Stephen Hall, Centre for Sustainable Planning and Environments, UWE Bristol
Aksel Ersoy, Department of Management in the Built Environment, Delft University of Technology, Netherlands
As scholars living in Bristol, we are fascinated by this old port city and its on-going transformation. Prosperous Bristol has been named as the ‘Happiest city in the UK’ and often features in the ‘Best Place to Live in Britain’ lists. In addition to its high quality of life (for most, if not all, residents) Bristol is home to numerous environmental groups that advocate a stronger ecological approach – i.e. one that acknowledges and respects environmental limits to human development –to urban governance than the traditional economic growth oriented model. This makes Bristol an anomaly among the UK’s ‘Core Cities’. There is a broad spectrum of environmental activism in Bristol: green think tanks and pressure groups, energy co-operatives, waste recycling groups, a local currency (the Bristol Pound), local food networks, community self-build housing groups, and major national environmental actors such as the Centre for Sustainable Energy, Sustrans and the Soil Association. Bristol, thus, hosts a critical mass of green activism and expertise. We believe that the dissemination of such a wide range of ‘alternative’ voices locally is crucial to the debate on urban futures.
Bristol was awarded the title European Green Capital 2015. Its bid as a ‘green, inclusionary and diverse’ city was framed in conjunction with a strong emphasis on community involvement. The policy discourse that had previously been based on economic development was reoriented towards environmentalism and collaboration. Bristol’s stated aspirations as European Green Capital shifted from the high profile events that might be expected of an orthodox urban entrepreneurialism to a set of ambitions oriented towards citizen engagement and inclusivity. This prompted us to write our paper The Bristol Green Capital Partnership: an exemplar of reflexive governance for sustainable urban development, in which we argue that Bristol represents, perhaps, an atypical approach to the ‘urban sustainability fix’ (the balance sought between competing economic, social and environmental demands) in the UK.
There exist, in Bristol, genuine differences of substance between local partners, including recent polemical debates on resident parking zones, 20mph speed limits and the planning of the new Bristol Arena. However, in contrast to other UK Core Cities, there is less a sense that environmental interests are left to oppose an apparently antagonistic local authority from the political margins. In other words, Bristol represents a prima facie ideal incubator for the processes that characterise ‘reflexive governance’. The emerging literature on reflexive governance offers a normative framework for understanding a ‘learning-based approach to governance’. Reflexive governance prioritises organisational adaptation over technological advancement as a response to the complex challenges of climate change and resource scarcity. It focuses primarily on the process of governance, rather than outcome. It respects and exploits diverse forms of knowledge (scientific, political, everyday), and champions continuous institutional transformation to enable, and respond to, broader social dialogue.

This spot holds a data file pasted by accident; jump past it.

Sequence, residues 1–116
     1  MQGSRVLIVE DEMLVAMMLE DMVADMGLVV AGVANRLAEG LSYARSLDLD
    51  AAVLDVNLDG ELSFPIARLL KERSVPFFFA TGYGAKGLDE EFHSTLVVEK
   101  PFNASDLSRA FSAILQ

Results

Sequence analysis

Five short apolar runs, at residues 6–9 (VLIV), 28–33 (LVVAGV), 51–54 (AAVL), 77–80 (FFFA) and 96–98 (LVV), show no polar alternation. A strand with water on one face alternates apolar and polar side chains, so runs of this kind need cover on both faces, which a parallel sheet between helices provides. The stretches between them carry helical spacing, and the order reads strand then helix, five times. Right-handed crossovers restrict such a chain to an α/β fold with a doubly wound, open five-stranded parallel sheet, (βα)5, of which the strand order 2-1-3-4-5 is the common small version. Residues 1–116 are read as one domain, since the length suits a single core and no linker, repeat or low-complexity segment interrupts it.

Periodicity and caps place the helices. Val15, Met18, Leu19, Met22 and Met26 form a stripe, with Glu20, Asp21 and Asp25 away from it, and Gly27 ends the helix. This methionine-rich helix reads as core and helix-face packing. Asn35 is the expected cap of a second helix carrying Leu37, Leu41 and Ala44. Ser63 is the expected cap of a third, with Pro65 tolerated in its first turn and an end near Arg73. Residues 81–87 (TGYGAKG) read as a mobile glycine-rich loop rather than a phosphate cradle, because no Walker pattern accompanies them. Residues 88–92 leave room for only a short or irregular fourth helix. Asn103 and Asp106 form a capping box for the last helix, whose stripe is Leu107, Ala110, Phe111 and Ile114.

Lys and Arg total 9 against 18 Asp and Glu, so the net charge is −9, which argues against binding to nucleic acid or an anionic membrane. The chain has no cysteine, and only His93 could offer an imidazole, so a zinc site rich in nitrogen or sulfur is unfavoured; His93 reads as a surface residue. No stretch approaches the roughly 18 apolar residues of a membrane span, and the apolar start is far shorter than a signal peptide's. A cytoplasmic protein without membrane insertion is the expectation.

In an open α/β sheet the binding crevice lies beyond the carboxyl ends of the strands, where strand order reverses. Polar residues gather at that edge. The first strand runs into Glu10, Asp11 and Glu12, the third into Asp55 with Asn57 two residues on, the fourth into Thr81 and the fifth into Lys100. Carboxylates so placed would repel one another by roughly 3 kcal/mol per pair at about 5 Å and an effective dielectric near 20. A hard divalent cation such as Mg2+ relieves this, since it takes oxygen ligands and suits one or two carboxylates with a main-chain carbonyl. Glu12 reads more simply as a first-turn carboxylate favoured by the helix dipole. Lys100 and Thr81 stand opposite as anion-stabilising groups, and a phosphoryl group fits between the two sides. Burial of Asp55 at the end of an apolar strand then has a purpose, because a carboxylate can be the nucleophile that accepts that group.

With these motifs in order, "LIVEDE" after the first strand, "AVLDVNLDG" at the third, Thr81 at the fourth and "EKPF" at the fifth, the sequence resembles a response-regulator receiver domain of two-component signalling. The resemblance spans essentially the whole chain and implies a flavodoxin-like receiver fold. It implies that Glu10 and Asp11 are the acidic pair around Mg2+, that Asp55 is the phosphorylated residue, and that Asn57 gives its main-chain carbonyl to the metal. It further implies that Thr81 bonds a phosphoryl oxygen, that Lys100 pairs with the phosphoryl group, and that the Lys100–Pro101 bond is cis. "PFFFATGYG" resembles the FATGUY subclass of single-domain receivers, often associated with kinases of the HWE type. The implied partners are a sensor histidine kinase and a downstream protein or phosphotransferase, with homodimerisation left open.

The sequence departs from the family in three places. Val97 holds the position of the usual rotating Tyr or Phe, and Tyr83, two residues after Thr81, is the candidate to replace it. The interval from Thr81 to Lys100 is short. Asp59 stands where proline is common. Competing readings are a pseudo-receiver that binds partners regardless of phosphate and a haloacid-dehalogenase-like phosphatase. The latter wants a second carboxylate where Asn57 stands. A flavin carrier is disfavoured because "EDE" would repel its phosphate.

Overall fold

We argue that the governance of Bristol – embodied in the Bristol Green Capital Partnership (BGCP) which was formed by Bristol City Council to develop the concept of a ‘low carbon city with a high quality of life’ in 2007 – displays many ‘reflexive’ characteristics. Bristol stakeholders have created a space for dialogue, an interface for diverse voices and forms of knowledge that eschews the pursuit of simple consensus; in the words of one local official “if you’ve got something to say, join in … I do not know of another partnership in which a multinational German insurance company would sit down with a dreadlocked activist from St Pauls” It has exhibited considerable institutional adaptability, partly in response to the exhortations of the European Green Capital competition. BGCP, for example, has evolved from a core group of stakeholders, to a large and heterogeneous membership organisation, a grouping of over 800 organisations, ranging from transnational corporations to local community groups. Nonetheless, the discursive space within which it has achieved this transformation remains tightly bounded, defined primarily by actors that exhibit an a priori interest in the ‘green’ agenda; civil engineering companies, for whom the sustainable city discourse is framed as an infrastructure investment challenge, and grassroots environmental activists, rather than representative of mainstream business or public opinion, especially in more disadvantaged areas of the city. Moreover, there are multiple and contested visions within BGCP itself; as another local official noted “discussions about renewable energy in Bristol attract many suits and very few community activists, whereas meetings about local food attract very few suits”.
Our findings challenge Bristol’s self-image as a ‘green capital’, notwithstanding the very real achievements noted above, and highlight the limits of reflexive governance – a practical approach to inclusion, learning and adaptation – but one that, in focusing on dialogue and inclusion, underestimates the real political tensions, some of which we also highlight above, that define the actions required to realise the sustainability of cities, including Bristol.
 Ersoy, A and Hall, S (2020) The Bristol Green Capital Partnership: an exemplar of reflexive governance for sustainable urban development, Town Planning Review, Vol.91, No.4, forthcoming